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To Become a Nurse in the Midst of a Global Pandemic

By Elise Person, Staff Writer

The coronavirus pandemic has changed what the world once knew as normal. In-person activities, such as going to school and work, have taken on a new version of normality via virtual experiences. With many classes being moved online, hands-on professions like nursing have declined educationally because of the quality universities are able to teach these fields online.

When the coronavirus began spreading to college communities back in March 2020, universities sent students home, regardless of their major or area they were studying. Nursing students began taking classes online. For many, senior clinicals were cancelled for the remainder of the spring 2020 semester. 

Senior clinicals are an important time and experience for those about to graduate and enter the nursing field because they are a chance for students to work one-on-one with a nurse in a specific field of nursing, get real on-the-job experiences, and work in a hospital.

First-year registered nurse Jenna Doherty’s clinicals were canceled and she is now unsure about starting her first job at Stony Brook University Hospital. “I believe I missed out on a huge opportunity to learn on the job experience when my senior clinical was canceled,” Doherty said. “Now that I am beginning my first job I am a little nervous that I have not been in a hospital or practicing nursing since March and that my nursing skills are going to be rusty.”

Doherty is not alone in this. Many universities across the nation cancelled their clinical programs for the spring semester, meaning Doherty is just one among many who lost this experience and are now applying for jobs as registered nurses. 

Currently, only a few universities have resumed their senior clinicals. Long Island University Post campus is one of these schools. However, even the in-person clinicals are very different from how they were pre-COVID. 

“Clinicals are still very educational, however not as educational as they would usually be,” senior nursing student Amanda Masullo said. “We aren’t allowed to do certain things. For example, inserting an NG tube or basically anything that has to do with the patient’s mouth, nose, bodily fluids, etc. It’s a shame because these are the times when you’re supposed to do things hands on and learn and we’re kind of deprived of that.”

Across the nation,  nursing majors have had to be flexible and work within the different universities regulations. For example, universities are encouraging online courses, lectures, and labs. Nursing classes or simulations that were always taught in the classroom before the pandemic are now primarily online. 

Doherty, a recent graduate from Post whose senior spring semester of nursing school was moved online, said that she was very lucky to have professors who were dedicated to helping the students learn. However, in her opinion, taking the more information-heavy classes required for sophomores and juniors would have been much more difficult to take online.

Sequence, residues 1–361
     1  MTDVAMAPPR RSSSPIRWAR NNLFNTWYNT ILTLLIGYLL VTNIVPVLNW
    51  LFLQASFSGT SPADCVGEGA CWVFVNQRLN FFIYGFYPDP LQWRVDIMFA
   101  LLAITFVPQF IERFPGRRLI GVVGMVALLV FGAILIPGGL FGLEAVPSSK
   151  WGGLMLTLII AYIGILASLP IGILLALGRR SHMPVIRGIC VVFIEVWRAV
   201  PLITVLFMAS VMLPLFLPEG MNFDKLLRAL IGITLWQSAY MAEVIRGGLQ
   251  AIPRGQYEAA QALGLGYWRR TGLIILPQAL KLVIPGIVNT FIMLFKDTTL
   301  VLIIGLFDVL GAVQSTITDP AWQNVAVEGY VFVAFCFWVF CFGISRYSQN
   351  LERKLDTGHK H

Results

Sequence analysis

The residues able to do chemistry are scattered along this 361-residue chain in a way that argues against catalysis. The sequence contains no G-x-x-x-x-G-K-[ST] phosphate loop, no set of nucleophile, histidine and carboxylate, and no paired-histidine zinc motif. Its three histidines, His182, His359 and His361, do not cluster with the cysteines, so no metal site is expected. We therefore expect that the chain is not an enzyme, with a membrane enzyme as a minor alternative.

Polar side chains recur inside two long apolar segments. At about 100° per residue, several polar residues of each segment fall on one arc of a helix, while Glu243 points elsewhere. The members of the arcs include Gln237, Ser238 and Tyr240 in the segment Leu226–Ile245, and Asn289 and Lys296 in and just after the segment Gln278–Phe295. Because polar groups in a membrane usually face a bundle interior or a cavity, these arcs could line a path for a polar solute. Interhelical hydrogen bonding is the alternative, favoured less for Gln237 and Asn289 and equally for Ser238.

Another big change to the nursing major is how the National Council Licensure Examination (NCLEX) examination is now taken and passed. The NCLEX examination is a nationwide test used to administer the licensing of nurses in the United States, Canada, and Australia. The test is set up to have students apply and analyze questions and scenarios that should have been taught and understood while in nursing school. After graduating, nursing students must pass this exam before they are deemed a qualified registered nurse.

Many changes have been made to this exam due to the coronavirus pandemic. The exam time has been shortened from six hours to four hours and they have decreased the amount of correct questions from 75 to 60 in order to pass the test. The maximum amount of questions has also been decreased from 265 questions to 130 questions. They have also removed pre-test questions and research section questions. 

The coronavirus pandemic is not only affecting those who are currently in nursing school, but is also heavily affecting those who recently finished school and are looking for jobs in the nursing field. 

Healthcare companies have also implemented a hiring freeze in many hospitals due to the coronavirus and this is making it difficult for those who have recently graduated to find jobs. Once recent graduates can find jobs, they are being required to do more online learning and simulations as a form of orientation. 

Doherty was just recently hired by Stony Brook University Hospital as a Neurology ICU nurse. Instead of in-person training and orientation, she is being required to take an online two-week orientation course. After finishing nursing school online and then having to continue training online, this orientation makes Doherty concerned and uneasy. “Usually during orientation, you get to learn the ropes of the hospital and where everything is,” she said. “Also during orientation, they bring you to a sim lab to go over a crash course of nursing fundamentals which will now all be online as a simulation.”

The integration of online learning for nursing school and job orientation is an impacting factor that is creating uneasiness and worry through the nation’s young and learning nurses. These impacts of the coronavirus in the medical field will have a lasting effect within healthcare. 

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